Amherst College students attend last in-person classes for the foreseeable future

The college canceled remaining classes before moving to remote instruction

%28Courtesy+of+the+Amherst+College+Facebook+page%29

(Courtesy of the Amherst College Facebook page)

By Lily Robinson, Collegian Correspondent

March 11 was the last day of in person classes at Amherst College as the school transitions to remote learning until further notice. The college announced Monday that they would be moving to this format after spring break due to the continued spread of the COVID-19 virus.

Thursday and Friday classes were cancelled to give students and faculty time to prepare, and students have been asked to leave campus by March 18. Those who wish to remain on campus must submit a petition by noon on Friday, March 13.

“Everybody is really upset, especially the seniors,” said freshman Hope Tsai, a computer science major at Amherst College. “People are really angry that we have such little time to prepare.” She said that students were originally asked to leave by Monday, but that deadline was later extended to Wednesday.

Tsai said that the college’s decision poses financial issues for many of her peers. “I’m part of the FLI, first generation low-income, community on campus and everyone is saying they don’t have enough money to book tickets and go back home.”

Tsai said that she was able to work a lot this semester and has saved up enough to get back to her home in Michigan but is worried about how online courses will affect her education.

“I feel like the quality of the education will probably just inevitably be worse just because we don’t have in-person contact and I just feel like it kinda detracts from…what we came here for, but…obviously, in these circumstances, it’s what they have to do.”

Tracy Huang, also an Amherst College freshman, agrees with many of Tsai’s concerns. She was not planning to return to her home in California for break but has used the money that would have gone to paying for a plane home in May to go back early. Because round-trip flights are cheaper, she was planning to buy a round-trip ticket that would bring her back to Amherst in the fall, a plan that will be “in the drain” if classes resume in person later this semester.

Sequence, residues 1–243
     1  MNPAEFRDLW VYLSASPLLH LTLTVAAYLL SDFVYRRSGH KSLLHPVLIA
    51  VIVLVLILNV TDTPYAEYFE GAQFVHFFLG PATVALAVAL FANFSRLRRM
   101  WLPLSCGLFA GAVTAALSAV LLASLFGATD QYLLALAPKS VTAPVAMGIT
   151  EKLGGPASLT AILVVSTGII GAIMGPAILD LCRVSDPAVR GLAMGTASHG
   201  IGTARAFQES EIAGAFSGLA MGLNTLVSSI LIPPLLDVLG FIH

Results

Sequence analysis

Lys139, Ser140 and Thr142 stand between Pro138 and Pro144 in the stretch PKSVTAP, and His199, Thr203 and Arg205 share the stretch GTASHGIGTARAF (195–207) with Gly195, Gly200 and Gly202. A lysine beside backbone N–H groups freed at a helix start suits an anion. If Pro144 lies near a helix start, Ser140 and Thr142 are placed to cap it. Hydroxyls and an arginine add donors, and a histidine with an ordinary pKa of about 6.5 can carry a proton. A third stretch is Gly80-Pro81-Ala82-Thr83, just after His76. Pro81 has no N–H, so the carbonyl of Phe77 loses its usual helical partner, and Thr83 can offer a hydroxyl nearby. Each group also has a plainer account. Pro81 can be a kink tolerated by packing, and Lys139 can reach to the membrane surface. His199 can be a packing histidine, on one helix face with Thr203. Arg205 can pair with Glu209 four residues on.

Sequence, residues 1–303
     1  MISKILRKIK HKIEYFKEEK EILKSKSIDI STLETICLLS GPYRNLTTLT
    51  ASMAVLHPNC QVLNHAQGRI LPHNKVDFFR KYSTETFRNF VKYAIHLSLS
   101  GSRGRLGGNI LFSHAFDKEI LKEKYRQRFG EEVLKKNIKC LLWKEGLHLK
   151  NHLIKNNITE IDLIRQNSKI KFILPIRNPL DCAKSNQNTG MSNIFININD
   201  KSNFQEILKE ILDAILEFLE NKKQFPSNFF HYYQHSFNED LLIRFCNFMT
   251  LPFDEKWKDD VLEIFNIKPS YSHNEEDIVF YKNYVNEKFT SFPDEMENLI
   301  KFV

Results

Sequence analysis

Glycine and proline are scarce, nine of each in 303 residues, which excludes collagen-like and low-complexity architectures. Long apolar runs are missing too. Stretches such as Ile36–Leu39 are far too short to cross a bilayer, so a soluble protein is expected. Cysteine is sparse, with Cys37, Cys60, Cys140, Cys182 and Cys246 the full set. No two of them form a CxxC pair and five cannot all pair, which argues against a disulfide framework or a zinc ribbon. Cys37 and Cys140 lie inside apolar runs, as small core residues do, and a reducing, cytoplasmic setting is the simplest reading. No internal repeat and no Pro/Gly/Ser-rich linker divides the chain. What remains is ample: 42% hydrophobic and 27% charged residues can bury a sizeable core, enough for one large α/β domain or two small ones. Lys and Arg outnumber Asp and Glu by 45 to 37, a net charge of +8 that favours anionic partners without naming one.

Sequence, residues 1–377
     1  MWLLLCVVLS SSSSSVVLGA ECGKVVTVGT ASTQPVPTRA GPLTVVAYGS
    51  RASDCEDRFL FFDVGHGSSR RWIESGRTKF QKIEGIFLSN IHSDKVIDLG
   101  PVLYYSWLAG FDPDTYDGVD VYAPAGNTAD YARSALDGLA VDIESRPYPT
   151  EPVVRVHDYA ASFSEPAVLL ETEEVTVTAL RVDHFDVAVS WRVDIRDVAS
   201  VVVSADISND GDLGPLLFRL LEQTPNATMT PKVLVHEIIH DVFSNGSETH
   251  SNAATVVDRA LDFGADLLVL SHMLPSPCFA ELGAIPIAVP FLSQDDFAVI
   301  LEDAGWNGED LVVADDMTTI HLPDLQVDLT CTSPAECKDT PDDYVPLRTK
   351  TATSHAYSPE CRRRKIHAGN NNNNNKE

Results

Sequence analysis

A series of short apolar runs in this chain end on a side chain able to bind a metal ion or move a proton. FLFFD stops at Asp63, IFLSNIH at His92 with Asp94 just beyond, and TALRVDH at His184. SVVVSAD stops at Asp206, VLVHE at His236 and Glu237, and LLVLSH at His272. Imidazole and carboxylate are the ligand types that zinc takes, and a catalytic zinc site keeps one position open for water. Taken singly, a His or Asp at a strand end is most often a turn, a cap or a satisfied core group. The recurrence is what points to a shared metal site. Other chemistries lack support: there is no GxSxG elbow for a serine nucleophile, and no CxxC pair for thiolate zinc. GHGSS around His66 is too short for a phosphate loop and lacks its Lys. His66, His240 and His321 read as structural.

While Tsai feels that the school’s response to the outbreaks is a bit overblown, she said, “We don’t even have a case on campus and there are other colleges where they have cases and they haven’t closed.”

Huang takes a bit more of a “better safe than sorry” stance, reasoning that there is “a large elderly population in town.”

Sophomore Nicholas Govus has concerns about the remote learning format as well. As a computer science and theater major, he said that many of his classes require direct peer interaction.

“I’m not quite sure how any of that will actually work,” he said, “one of my classes is a studio class so the entire point is to… act and direct with others… that just sounds very difficult to do [remotely].”

Govus said that many of his friends are submitting petitions to remain on campus, but that most expect to be rejected. He feels that the email the school sent to students regarding the petition suggested that acceptance would be based on need only. “The email that they sent out seemed to imply… if you cannot get home then… we have a space for you, but if you can get home you should go.”

Despite this, Govus said that staff, especially professors, have been accommodating and understanding of students’ confusion. “They [Amherst College] are sending out…at least two emails a day and they have…scheduled times just for updates.” He only had one class today and said that the professor put coursework aside to sit down with students and discuss their circumstances.

While faculty and staff are not being asked to leave campus, professors will have to reformat courses to accommodate the remote learning model. Caroline Hanna, director of media communications for Amherst College says that the college’s Information Technology  department is assisting professors with the transition.

“Our IT department is helping with all that. We’re using… Zoom conference software… for a lot of things and IT is conducting workshops, they have FAQs online, they’re really working hard to help faculty do this.”

Extracurricular activities have also been affected by new policies. According to Hanna, events are limited to 50 people or less, though, there have currently been no changes made to commencement activities.

Winter sports teams will be allowed to compete in championships, but the spring season has been suspended and will not resume unless on campus classes do.

Additional issues such as remaining in campus housing, partial room and board refunds, and on campus student employment positions are being determined on a case by case basis.

Lily Robinson can be reached at [email protected]